Dear Dietician: Busting margarine’s ‘plastic’ myth: unsaturated fats reduce cholesterol

Leanne McCrate

Dear Dietitian,

I am trying to eat healthier and have recently switched from butter to margarine, but some people at work say butter is better for you. One person even said margarine’s chemical structure is similar to plastic! What gives?

Signed,

Healthy Heart

Dear Healthy Heart,

The origin of the myth that margarine’s chemical makeup is similar to plastic is unknown. I recently heard this fable from a patient in the hospital. Its origin may be a technique that pretends to have scientific value. I can tell you with 100% certainty that margarine’s chemical composition is nothing like that of plastic. I will bet my 401k plan on it!

Leanne McCrate, RDN, LD, CNSC

That “plastic” myth could also be a rationalization for choosing butter instead of margarine. It certainly is scary to think of a plastic-like substance floating around in your veins! Some will claim that margarine is a poor food choice because it is processed, but scientific evidence is lacking.

It comes down to saturated fats versus unsaturated. Saturated fats, like those found in butter, meat, coconut oil, and full-fat dairy products, increase cholesterol levels. High cholesterol levels lead to a higher risk of cardiovascular disease (heart attack and stroke). Conversely, unsaturated fats found in margarine, avocado, nuts, olive oil, and vegetable oil improve cholesterol levels, which may decrease your risk of a heart attack or stroke.

Finally, we need to get out of “black and white” thinking when it comes to food. There are no bad foods. It’s excess amounts that can become unhealthy. The Dietary Guidelines for Americans recommends that less than 10% of daily calories come from saturated fats (1). On a 2,000-calorie diet, that’s about 20 grams per day. Therefore, butter can be used in moderation in a healthy diet.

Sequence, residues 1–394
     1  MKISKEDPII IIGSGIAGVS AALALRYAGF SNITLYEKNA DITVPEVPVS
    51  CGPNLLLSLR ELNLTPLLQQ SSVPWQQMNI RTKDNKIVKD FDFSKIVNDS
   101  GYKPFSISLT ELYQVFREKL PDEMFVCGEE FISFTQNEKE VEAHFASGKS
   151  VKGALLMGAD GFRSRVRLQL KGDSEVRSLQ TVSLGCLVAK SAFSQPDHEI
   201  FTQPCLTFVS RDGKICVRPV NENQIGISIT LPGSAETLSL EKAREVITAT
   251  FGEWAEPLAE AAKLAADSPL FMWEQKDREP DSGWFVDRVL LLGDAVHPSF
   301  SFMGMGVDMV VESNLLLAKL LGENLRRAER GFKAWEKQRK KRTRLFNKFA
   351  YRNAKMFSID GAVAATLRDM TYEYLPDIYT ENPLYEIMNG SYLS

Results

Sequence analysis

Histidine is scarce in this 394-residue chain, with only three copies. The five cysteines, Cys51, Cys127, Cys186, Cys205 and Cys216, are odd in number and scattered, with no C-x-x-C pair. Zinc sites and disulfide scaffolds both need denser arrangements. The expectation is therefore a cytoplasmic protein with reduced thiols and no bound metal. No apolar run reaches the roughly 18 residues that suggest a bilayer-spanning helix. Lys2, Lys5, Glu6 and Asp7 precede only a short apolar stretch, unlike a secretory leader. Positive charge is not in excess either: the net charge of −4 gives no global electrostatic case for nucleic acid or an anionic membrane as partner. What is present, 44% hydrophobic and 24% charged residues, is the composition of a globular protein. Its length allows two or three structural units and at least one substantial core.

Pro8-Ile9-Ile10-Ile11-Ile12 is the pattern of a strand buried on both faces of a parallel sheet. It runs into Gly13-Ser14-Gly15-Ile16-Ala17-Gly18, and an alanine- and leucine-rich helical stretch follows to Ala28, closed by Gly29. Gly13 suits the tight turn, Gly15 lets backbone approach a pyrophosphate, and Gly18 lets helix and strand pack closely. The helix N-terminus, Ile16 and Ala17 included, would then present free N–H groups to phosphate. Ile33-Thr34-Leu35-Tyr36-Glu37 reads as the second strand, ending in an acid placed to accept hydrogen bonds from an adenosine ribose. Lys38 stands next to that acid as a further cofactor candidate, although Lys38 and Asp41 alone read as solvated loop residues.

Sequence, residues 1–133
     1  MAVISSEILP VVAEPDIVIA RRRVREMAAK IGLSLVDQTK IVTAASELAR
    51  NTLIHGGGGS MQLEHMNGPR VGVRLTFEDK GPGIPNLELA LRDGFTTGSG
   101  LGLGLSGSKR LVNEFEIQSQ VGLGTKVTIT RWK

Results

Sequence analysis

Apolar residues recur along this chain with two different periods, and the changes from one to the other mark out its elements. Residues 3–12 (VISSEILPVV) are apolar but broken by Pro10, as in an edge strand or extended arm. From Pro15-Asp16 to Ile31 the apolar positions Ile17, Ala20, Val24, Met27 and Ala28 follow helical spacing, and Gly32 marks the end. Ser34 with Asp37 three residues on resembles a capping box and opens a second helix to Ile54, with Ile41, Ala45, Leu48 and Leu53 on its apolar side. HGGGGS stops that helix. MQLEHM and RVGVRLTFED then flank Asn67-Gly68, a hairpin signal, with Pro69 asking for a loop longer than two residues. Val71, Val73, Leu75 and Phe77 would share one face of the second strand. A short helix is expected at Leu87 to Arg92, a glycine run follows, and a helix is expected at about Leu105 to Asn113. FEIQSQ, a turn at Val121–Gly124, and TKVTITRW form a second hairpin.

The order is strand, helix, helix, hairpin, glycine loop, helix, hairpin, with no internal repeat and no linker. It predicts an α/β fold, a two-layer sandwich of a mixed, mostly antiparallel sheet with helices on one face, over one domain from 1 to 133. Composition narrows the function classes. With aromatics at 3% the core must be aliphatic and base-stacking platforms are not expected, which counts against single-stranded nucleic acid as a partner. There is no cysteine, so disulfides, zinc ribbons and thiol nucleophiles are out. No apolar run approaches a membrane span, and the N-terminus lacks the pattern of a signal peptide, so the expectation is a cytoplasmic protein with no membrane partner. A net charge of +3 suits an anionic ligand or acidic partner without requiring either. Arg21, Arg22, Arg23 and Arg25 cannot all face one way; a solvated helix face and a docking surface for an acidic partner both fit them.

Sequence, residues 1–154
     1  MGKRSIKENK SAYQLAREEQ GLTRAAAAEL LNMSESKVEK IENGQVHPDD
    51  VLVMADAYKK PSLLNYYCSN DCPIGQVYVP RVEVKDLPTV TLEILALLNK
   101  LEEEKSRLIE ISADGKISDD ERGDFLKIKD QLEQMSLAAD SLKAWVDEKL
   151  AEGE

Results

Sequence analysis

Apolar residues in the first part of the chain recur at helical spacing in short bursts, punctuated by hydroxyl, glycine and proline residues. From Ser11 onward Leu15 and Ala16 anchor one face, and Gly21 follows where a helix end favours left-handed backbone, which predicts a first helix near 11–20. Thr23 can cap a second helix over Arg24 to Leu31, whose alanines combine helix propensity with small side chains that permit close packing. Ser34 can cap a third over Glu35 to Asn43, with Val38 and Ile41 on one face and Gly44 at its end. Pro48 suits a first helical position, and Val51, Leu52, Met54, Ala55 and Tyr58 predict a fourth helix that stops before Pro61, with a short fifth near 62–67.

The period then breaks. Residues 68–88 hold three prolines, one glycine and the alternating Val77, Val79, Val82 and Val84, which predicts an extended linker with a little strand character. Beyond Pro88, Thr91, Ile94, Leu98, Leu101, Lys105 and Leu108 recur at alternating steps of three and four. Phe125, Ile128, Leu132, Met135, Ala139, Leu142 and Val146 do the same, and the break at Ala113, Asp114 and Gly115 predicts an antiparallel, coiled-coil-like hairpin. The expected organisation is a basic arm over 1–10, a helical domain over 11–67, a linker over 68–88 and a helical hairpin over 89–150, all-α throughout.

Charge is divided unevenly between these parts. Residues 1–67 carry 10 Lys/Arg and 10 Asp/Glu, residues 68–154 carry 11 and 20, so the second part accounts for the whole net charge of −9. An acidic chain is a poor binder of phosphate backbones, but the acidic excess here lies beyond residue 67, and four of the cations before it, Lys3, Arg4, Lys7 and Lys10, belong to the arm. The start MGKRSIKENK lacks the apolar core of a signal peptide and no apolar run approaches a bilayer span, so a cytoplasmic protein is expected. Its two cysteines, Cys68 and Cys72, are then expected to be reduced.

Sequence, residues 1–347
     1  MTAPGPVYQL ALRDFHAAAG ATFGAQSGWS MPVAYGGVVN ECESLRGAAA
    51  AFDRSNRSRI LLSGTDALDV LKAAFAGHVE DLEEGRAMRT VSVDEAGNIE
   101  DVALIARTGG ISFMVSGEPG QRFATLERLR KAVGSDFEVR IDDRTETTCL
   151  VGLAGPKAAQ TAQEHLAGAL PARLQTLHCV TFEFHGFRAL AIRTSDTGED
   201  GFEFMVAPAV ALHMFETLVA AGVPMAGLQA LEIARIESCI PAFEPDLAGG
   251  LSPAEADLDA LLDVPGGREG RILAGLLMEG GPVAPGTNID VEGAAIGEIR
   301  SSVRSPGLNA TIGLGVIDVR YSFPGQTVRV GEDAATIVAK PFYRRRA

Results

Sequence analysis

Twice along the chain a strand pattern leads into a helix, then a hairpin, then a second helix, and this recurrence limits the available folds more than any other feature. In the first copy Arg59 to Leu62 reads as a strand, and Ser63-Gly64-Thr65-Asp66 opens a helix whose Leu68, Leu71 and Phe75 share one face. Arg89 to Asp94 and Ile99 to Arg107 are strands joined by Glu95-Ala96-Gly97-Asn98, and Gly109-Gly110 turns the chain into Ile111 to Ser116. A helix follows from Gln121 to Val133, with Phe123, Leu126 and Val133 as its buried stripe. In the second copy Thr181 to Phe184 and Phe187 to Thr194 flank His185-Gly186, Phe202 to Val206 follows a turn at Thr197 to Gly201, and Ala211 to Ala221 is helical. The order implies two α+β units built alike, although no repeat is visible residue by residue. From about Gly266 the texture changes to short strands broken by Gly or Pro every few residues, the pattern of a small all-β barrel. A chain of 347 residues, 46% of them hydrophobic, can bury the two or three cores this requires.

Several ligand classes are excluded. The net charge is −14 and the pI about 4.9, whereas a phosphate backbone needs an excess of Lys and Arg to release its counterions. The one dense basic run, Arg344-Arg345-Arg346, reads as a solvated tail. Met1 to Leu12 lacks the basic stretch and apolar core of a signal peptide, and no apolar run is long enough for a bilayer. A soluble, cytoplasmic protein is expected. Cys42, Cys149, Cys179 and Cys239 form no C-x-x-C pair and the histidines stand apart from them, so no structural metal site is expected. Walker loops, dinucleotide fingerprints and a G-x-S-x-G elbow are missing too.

The overall healthy eating plan remains the same. Choose lean meats, high fiber grains (cereals, pasta, bread, etc.), low-fat or skim dairy, and primarily unsaturated fats. Focus more on fruits and vegetables, and consume at least five servings of these foods every day. Let’s keep it simple.

Until next time, be healthy!

Dear Dietitian

Citation

  1. U.S. Department of Agriculture and U.S. Department of Health and Human Services. Dietary Guidelines for Americans, 2020-2025. 9th Edition. December 2020. Available at DietaryGuidelines.gov

Leanne McCrate, RDN, LD, aka Dear Dietitian, is an award-winning dietitian based in Missouri. Her mission is to educate consumers on sound, scientifically-based nutrition. Email her today at deardietitian411@gmail.com. Dear Dietitian does not endorse any products, health programs, or diet plans.